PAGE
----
Domestic water considerations within large irrigation and resettlement projects: A case study in Sri Lanka
AuthorMyers, Abigail Ann, 1957-
AdvisorMaddock, Thomas, III
MetadataShow full item record
PublisherThe University of Arizona.
RightsCopyright © is held by the author. Digital access to this material is made possible by the University Libraries, University of Arizona. Further transmission, reproduction or presentation (such as public display or performance) of protected items is prohibited except with permission of the author.
AbstractDomestic water supply, utilization and management were characterized within the Mahaweli Development Scheme in Sri Lanka. Domestic water in a Mahaweli-developed village was compared to that in an ancient village. Domestic water supply and quality were linked to irrigation supply and local hydrogeology. Taste, flow and accessibility determined water utilization. Hydrogeology in the ancient village provided a better domestic water situation. Agency-provided wells often went unused in the new village because of poor quality and unavailability of groundwater. Surface-water sources were likewise less reliable in the new village. Consequences of poor siting included increased workloads and health risks for domestic water users. Domestic water considerations that must be incorporated in irrigation/resettlement planning are presented. Simple hydrologic investigations utilization of local knowledge and participation can assist planners and managers to provide villagers with safe and acceptable domestic water.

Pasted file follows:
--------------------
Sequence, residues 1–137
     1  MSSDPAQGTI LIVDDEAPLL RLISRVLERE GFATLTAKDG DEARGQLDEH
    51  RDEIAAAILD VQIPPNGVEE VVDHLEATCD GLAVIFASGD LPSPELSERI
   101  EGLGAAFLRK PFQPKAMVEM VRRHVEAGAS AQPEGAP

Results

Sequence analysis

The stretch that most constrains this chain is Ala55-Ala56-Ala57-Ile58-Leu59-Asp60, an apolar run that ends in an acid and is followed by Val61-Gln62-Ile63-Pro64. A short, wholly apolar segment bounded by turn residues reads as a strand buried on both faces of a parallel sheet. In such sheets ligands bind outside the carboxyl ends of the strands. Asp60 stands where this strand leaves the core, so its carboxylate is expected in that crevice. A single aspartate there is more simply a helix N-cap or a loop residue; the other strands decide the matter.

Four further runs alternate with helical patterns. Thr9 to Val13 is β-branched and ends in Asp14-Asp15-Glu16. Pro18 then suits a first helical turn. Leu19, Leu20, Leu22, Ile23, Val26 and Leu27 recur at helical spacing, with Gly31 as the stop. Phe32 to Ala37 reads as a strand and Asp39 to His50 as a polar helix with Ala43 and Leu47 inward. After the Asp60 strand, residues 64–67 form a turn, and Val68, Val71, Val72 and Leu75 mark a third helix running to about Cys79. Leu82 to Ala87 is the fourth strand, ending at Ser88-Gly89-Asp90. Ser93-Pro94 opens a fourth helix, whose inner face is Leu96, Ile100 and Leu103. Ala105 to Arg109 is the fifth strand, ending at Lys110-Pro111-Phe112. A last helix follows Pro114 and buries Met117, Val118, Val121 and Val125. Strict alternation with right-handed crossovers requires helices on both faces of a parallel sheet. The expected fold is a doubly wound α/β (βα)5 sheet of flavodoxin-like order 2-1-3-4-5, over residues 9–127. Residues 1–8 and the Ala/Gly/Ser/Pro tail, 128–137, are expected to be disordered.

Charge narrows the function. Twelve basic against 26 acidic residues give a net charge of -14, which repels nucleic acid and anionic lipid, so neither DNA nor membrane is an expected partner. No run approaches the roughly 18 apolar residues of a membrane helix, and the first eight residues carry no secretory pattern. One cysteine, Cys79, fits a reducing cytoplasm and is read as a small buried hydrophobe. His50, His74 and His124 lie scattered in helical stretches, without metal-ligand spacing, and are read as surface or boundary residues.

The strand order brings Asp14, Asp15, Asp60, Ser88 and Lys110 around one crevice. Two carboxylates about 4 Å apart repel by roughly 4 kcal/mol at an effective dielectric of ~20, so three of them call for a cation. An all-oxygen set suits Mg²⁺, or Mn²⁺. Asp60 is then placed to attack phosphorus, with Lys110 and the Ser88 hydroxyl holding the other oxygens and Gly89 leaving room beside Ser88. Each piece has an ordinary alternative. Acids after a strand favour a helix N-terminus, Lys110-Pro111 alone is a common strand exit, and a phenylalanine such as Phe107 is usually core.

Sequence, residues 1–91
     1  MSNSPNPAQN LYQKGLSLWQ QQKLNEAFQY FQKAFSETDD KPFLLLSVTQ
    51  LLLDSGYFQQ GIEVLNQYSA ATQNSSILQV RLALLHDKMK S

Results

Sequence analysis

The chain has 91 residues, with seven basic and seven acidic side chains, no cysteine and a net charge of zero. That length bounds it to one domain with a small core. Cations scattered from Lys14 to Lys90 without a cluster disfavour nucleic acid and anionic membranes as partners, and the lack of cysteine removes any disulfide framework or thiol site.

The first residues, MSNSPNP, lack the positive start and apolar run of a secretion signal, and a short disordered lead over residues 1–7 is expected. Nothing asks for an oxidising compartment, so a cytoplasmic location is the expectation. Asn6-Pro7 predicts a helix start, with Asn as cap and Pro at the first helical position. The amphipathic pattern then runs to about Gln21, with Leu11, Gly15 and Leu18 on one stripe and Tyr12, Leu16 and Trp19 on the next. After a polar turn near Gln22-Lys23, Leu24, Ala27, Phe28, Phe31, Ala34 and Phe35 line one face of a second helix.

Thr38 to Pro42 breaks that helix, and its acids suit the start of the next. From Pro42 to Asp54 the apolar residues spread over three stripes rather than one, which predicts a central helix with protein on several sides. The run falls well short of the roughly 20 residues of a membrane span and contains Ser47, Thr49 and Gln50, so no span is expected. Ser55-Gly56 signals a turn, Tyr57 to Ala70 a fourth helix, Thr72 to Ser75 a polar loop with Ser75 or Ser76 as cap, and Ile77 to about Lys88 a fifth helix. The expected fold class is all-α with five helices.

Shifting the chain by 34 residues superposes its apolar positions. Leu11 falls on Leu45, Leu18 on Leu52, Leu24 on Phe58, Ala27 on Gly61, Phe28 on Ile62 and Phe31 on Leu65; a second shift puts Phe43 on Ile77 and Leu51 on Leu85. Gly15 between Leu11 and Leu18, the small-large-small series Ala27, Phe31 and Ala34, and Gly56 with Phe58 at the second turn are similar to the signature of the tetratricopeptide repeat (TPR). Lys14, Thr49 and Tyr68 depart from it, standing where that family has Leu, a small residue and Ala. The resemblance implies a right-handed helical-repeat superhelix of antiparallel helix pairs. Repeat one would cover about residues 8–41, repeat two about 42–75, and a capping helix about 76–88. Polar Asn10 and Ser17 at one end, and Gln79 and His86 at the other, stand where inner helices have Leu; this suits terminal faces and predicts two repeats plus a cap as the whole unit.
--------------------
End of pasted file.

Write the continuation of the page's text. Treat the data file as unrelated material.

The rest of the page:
Degree ProgramGraduate College
Hydrology and Water Resources